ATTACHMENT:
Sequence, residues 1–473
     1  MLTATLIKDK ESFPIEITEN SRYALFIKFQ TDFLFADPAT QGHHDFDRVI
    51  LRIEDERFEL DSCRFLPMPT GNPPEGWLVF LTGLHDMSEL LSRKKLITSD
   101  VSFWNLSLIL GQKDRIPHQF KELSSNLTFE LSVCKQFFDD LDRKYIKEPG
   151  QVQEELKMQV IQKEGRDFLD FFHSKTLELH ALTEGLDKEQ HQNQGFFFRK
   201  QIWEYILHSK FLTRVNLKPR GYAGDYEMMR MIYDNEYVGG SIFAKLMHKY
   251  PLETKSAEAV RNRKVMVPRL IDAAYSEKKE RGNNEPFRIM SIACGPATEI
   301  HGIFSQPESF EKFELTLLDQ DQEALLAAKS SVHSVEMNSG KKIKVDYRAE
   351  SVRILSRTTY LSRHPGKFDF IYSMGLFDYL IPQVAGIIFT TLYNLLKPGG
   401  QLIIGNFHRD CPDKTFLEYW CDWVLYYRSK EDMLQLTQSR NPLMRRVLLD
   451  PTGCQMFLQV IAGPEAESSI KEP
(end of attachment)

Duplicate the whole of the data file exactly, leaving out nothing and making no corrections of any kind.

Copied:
Sequence, residues 1–473
     1  MLTATLIKDK ESFPIEITEN SRYALFIKFQ TDFLFADPAT QGHHDFDRVI
    51  LRIEDERFEL DSCRFLPMPT GNPPEGWLVF LTGLHDMSEL LSRKKLITSD
   101  VSFWNLSLIL GQKDRIPHQF KELSSNLTFE LSVCKQFFDD LDRKYIKEPG
   151  QVQEELKMQV IQKEGRDFLD FFHSKTLELH ALTEGLDKEQ HQNQGFFFRK
   201  QIWEYILHSK FLTRVNLKPR GYAGDYEMMR MIYDNEYVGG SIFAKLMHKY
   251  PLETKSAEAV RNRKVMVPRL IDAAYSEKKE RGNNEPFRIM SIACGPATEI
   301  HGIFSQPESF EKFELTLLDQ DQEALLAAKS SVHSVEMNSG KKIKVDYRAE
   351  SVRILSRTTY LSRHPGKFDF IYSMGLFDYL IPQVAGIIFT TLYNLLKPGG
   401  QLIIGNFHRD CPDKTFLEYW CDWVLYYRSK EDMLQLTQSR NPLMRRVLLD
   451  PTGCQMFLQV IAGPEAESSI KEP